Watford have expressed their deep sadness following the death of one of the key figures during the club’s golden era, Eddie Plumley.

Appointed by Elton John, Plumley was chief executive from 1978 to 1994 and worked alongside Graham Taylor and Bertie Mee as the Hornets embarked on their magical rise through the divisions to finish runners-up in the old First Division, qualify for Europe and reach the FA Cup final.

Plumley was honoured by the Football League for his 50 years’ service to the game in 1998.

He came into the game just three years after hostilities ceased in the Second World War, when he joined the groundstaff of Birmingham City, as a goalkeeper at the age of 15. Two years later, he signed professional forms, but a year later joined the army to serve his two years' National Service.

During this period Plumley represented the army at both football and cricket.

He continued his playing career at Birmingham after National Service, but having worked part-time in the club offices when on the groundstaff, he decided his future was off the field, and took up the position of assistant secretary at St Andrews.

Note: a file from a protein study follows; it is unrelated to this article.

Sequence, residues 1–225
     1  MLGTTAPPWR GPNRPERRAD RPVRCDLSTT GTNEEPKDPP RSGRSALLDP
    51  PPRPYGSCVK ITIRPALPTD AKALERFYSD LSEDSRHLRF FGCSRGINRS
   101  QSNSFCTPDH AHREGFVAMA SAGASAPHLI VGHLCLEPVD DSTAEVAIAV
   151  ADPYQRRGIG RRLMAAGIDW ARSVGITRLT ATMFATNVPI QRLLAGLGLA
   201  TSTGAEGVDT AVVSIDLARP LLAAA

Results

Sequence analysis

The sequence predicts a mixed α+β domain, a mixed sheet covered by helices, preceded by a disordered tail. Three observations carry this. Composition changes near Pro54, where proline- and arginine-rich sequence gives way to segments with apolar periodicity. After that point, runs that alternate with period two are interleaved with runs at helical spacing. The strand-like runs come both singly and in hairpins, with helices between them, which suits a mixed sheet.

His 14-year stay at Birmingham ended when he was offered the secretary's job at Filbert Street, and he stayed at Leicester for six years before moving on to Coventry City in 1968 as general secretary.

Four years later Elton John asked him to become chief executive at Watford.

Plumley retired from full time involvement in the game in September 1994, and was appointed to the Watford board, but stepped down to continue general consultancy work in the game.

"It was a quite fantastic and emotional day for me", he said of receiving the award. "I was invited by to attend the AGM by the League but was quite stunned when the award was made.

"I have enjoyed a wonderful career in the game, and been fortunate to work with many, many talented people. This was really the icing on the cake."